Villa took advantage of Wimbledon’s misfortune, as they emerged with more purpose after the break. Full back Alan Wright sent a cross into the area, Mark Delaney flicked the ball into Lee Hendrie’s path, and the future City winger fired home the equaliser.
The good news for the Bantams was fleeting. No sooner had details of the Villa goal come through, Leicester took a deserved lead when Elliott headed home a corner.
Ironically City had begun to show some attacking intent and Windass, Saunders and Wetherall had chances to put the visitors in front. But Leicester were rampant after making the breakthrough, with Elliott heading home Neil Lennon’s cross four minutes later, before Tony Cottee turned Andy O’Brien and finished past Clarke for 3-0.
McCall rued, “Leicester had Matt Elliott – who I knew from playing for Scotland with – and Tony Cottee, one of my good friends. I said to them two ‘come on, you’re not playing for owt, we’re on the back of a good run and have good away support’. And Matty got two, and Cottee got one. They beat us 3-0. We played poorly. It was their day, they looked after themselves.”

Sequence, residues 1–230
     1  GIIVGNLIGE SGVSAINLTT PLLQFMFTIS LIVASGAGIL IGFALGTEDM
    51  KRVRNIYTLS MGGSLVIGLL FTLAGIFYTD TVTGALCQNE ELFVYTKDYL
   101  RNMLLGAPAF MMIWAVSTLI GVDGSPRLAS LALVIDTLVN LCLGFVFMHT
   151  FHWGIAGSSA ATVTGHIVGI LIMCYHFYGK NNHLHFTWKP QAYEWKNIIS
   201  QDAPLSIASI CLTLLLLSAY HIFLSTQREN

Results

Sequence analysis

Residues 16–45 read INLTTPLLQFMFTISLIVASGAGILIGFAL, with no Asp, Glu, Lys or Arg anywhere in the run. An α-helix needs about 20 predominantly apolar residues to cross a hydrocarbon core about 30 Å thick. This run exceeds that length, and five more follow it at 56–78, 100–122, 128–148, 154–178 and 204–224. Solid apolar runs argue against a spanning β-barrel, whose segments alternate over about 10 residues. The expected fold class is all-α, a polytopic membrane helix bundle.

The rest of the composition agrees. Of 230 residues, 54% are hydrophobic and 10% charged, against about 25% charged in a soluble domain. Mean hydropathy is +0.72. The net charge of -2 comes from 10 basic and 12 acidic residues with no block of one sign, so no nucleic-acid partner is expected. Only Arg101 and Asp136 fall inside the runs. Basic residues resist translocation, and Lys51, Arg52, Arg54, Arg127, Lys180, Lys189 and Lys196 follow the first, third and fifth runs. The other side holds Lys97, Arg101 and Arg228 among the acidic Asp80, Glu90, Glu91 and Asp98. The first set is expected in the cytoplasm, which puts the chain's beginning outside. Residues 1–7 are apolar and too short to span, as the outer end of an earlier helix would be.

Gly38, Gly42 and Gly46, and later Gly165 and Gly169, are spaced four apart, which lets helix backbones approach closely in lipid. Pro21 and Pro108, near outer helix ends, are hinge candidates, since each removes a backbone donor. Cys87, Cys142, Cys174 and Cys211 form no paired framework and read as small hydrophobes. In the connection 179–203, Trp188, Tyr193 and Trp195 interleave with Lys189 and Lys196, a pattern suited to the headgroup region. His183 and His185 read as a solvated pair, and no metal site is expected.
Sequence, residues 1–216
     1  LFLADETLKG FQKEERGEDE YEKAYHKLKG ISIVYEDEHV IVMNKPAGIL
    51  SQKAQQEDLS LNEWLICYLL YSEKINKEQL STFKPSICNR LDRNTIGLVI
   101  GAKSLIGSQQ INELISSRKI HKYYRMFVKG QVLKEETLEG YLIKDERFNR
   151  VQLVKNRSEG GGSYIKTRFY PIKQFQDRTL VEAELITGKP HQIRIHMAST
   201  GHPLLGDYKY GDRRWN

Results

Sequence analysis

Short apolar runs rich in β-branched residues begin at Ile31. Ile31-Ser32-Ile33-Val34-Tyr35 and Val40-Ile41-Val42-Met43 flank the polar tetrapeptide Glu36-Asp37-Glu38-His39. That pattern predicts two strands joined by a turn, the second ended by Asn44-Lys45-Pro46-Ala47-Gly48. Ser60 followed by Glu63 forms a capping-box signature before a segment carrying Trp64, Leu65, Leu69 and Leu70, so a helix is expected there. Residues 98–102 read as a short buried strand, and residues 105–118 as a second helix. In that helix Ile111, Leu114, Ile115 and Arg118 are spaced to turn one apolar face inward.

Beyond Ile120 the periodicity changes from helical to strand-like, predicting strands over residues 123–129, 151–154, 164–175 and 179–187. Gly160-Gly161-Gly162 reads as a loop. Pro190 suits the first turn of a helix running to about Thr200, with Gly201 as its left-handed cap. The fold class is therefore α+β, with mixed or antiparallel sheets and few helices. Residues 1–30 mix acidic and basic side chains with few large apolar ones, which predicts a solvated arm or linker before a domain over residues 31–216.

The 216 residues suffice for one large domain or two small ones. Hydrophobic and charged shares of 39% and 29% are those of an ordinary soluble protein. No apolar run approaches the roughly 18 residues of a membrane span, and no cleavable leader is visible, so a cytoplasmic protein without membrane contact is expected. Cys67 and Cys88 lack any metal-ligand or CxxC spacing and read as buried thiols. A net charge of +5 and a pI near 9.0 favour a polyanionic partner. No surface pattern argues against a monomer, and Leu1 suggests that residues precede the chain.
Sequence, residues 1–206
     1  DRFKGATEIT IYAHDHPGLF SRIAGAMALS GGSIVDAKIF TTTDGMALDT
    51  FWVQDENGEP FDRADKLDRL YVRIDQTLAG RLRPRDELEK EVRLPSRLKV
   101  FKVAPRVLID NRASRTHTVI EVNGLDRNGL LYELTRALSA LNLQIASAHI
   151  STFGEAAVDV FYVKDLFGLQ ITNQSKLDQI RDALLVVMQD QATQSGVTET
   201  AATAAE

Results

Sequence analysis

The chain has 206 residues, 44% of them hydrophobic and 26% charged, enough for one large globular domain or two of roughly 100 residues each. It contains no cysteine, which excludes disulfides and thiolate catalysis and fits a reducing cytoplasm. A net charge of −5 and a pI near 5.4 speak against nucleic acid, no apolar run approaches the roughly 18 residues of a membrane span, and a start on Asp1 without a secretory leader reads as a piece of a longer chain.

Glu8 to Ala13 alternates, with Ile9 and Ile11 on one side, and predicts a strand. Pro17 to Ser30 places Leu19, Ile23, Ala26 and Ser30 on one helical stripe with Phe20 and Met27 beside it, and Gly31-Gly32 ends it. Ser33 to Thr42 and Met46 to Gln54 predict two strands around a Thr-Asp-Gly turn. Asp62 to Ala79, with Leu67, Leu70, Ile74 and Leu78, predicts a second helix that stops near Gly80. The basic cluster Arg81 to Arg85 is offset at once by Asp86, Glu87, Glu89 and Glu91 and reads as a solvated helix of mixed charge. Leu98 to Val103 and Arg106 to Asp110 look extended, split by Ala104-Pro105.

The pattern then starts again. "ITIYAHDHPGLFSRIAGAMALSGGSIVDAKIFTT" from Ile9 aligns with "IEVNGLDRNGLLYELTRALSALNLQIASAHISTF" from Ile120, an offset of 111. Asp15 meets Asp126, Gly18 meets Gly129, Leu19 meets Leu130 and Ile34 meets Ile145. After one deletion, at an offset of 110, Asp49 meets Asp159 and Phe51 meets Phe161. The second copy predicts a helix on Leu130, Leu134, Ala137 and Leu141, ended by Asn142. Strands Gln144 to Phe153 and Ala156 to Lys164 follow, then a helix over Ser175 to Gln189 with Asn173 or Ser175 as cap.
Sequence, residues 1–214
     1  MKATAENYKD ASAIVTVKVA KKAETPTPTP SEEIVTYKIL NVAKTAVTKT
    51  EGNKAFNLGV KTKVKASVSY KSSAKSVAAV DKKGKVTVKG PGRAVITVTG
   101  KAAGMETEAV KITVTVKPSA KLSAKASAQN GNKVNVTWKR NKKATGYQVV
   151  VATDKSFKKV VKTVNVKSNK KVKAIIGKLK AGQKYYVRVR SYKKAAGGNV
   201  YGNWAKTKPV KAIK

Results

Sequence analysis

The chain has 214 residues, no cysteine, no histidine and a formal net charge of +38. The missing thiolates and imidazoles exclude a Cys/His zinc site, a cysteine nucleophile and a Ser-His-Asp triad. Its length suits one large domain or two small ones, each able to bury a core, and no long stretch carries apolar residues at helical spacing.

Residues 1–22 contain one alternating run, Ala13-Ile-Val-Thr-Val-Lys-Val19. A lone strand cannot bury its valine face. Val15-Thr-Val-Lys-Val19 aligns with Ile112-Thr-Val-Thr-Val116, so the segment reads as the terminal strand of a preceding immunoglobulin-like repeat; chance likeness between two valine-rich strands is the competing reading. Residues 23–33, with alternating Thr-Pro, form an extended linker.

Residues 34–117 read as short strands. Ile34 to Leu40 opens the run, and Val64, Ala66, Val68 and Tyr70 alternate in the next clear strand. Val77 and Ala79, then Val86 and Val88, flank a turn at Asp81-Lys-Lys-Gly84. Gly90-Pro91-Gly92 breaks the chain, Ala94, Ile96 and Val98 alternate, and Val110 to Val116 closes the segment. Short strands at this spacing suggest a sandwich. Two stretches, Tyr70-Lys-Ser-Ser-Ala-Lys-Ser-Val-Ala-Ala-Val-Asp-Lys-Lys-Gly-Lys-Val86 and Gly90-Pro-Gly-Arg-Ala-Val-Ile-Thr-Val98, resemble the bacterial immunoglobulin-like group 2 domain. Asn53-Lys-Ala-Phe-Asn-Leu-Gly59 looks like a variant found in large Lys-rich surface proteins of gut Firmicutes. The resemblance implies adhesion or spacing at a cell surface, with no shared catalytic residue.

Three Leicester goals in just nine minutes – after City had gone 277 minutes without conceding. “A desperate day on and off the pitch,” declared BBC Radio 5 Live commentator Ian Brown. The Bantams were heading back into the bottom three, but then there was another twist.
Back at Selhurst Park, a long clearance from Villa defender Gareth Southgate went all the way through to Dion Dublin, and the big striker smashed the ball past Neil Sullivan for 2-1 Villa. Both City and Wimbledon were heading for defeat, leaving the situation as it was before kick off – City a point clear outside the bottom three.
There was certainly no sign of an unlikely revival at Filbert Street. A Sharpe effort saved aside, Leicester looked comfortable. As they knocked the ball around to the oles from the home crowd, Neil Lennon took the taunting of City to another level. He decided to sit on the ball in the middle of the pitch, implying the game was so easy he could have a rest.